Larry Page & Sergey Brin had stopped by at the Forbes.com offices and we talked at length about the company. It ultimately resulted in this feature, How Google Is That? Larry still had the same disastrous haircut he supports today. Brin was measured and logical as always in his responses. They thankfully made no meaningless and “do-no-evil” hypocritical statements. They were just two guys out to change the world. I remember getting along with them famously, but never saw or talked to them since, though I have been to many Google press events.
Then & Now: You’ve come a long way baby
The company was 12-months old. They had just come up with their version of contextual-text advertisng system. They had 40 employees, were looking for an inhouse chef, and were doing about 4 million page views a day and about 4 million searches a day. That’s 45 searches per second. No one in the company owned a glider, though their venture backers had their own private planes. The company was housed in 165 University Avenue in Palo Alto and the co-founders were single.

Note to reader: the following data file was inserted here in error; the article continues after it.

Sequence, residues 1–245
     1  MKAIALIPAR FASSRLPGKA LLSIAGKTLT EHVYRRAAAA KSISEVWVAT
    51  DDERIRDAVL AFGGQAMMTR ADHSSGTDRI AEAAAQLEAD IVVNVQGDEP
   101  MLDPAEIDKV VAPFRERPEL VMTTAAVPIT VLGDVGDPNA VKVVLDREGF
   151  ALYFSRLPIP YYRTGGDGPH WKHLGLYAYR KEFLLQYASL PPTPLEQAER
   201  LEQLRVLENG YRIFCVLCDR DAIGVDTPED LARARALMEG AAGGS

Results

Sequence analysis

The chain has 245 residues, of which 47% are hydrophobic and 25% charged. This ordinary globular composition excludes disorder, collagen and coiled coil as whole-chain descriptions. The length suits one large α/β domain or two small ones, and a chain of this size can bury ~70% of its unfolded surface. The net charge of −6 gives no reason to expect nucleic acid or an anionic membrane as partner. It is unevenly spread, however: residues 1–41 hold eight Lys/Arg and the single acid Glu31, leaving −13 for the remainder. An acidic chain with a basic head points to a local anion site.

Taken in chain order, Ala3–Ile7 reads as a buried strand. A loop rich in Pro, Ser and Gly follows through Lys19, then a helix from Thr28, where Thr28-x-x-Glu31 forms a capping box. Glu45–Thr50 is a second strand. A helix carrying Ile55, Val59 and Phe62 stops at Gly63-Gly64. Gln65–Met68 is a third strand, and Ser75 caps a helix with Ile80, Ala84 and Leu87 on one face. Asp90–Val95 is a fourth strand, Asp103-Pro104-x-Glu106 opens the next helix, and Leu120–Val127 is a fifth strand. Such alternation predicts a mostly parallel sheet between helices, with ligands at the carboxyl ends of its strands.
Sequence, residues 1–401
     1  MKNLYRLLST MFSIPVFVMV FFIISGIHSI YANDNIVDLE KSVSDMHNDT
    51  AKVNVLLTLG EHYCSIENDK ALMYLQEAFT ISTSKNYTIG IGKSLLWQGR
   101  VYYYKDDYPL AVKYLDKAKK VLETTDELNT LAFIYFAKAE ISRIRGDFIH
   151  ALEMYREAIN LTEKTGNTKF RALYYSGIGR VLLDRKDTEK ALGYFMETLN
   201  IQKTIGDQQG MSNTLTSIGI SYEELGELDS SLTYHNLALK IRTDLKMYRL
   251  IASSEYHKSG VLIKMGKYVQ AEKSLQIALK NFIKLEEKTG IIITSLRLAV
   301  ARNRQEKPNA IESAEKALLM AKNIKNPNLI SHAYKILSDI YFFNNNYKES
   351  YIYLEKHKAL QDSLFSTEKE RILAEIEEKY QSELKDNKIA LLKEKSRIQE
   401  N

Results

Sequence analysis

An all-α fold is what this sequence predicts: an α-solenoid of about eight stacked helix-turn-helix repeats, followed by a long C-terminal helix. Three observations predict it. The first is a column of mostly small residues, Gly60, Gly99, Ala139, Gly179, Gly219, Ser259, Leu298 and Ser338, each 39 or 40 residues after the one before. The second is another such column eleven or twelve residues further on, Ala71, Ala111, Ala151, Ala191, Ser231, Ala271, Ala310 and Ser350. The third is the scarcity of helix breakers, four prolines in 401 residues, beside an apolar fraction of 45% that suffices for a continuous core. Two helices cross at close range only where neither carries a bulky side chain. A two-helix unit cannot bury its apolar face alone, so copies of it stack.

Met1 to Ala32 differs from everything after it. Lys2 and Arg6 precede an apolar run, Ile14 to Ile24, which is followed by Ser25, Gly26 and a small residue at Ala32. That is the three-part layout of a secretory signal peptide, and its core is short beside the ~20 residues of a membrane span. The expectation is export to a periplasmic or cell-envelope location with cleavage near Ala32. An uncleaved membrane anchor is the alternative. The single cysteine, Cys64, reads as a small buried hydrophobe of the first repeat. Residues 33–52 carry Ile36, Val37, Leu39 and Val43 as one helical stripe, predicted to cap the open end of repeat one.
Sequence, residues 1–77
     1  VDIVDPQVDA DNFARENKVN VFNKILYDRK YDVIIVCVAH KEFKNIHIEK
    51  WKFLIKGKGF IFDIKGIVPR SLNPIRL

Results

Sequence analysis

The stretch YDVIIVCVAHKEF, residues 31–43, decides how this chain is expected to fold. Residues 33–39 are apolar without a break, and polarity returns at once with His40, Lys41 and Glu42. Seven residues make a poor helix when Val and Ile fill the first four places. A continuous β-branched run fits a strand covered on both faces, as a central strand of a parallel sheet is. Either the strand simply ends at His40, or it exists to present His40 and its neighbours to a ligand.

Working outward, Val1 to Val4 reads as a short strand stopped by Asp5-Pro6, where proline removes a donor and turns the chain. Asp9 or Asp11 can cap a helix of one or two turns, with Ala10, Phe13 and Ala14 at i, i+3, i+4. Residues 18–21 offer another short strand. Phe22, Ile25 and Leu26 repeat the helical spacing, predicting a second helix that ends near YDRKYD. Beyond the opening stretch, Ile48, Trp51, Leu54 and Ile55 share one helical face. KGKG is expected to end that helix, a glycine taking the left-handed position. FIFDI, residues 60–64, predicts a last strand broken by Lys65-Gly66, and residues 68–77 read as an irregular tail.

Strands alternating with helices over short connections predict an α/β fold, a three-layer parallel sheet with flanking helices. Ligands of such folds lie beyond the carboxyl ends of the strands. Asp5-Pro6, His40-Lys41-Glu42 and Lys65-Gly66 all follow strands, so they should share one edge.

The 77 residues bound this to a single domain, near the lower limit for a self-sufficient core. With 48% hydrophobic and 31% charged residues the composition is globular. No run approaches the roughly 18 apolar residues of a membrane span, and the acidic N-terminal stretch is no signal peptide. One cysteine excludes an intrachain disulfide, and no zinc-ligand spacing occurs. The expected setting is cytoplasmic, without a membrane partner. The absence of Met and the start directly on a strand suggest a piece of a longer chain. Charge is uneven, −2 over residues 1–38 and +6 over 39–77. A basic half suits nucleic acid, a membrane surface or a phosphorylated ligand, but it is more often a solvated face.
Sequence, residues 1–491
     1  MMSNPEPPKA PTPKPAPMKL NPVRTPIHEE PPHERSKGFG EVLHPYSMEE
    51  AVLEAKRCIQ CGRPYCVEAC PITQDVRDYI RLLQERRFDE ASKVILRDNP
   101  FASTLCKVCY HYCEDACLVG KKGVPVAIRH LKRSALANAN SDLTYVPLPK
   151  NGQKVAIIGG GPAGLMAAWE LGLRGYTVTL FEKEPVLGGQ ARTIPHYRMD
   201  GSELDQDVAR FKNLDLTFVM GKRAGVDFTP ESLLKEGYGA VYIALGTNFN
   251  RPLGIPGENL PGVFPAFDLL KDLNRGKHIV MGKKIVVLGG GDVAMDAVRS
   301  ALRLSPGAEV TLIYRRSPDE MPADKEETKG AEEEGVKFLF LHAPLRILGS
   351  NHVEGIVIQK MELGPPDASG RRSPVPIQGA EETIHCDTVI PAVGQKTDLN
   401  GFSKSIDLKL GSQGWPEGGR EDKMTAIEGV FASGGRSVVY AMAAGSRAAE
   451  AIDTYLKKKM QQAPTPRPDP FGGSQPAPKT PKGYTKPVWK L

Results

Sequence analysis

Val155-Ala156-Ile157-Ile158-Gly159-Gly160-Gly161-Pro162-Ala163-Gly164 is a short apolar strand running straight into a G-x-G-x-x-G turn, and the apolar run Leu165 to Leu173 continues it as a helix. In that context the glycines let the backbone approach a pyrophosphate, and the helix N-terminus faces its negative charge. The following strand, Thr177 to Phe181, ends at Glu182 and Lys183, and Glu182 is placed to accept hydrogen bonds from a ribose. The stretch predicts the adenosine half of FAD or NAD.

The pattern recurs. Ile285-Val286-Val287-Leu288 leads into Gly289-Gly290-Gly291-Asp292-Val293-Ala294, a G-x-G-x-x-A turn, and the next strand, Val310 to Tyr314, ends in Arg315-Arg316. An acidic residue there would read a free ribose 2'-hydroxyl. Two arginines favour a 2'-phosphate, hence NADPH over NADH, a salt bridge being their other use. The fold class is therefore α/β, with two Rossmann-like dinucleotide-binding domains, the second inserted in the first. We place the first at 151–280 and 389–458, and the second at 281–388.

In July 2008, Google registered 7.23 billion searches – about 242 million a day. That works out to about 4 10 million searches in an hour or over 1100 2772 searches per second. (Funny, it turned out to be much bigger than the market estimates used by Google.) It had sales of $5.4 billion in the second quarter of 2008 alone. It now employs over 19,000 people. Larry and Sergey are billionaires and own a Boeing 767 & a Boeing 757. They are both married. The company has offices in multiple locations and data centers that are sprinkled around the globe.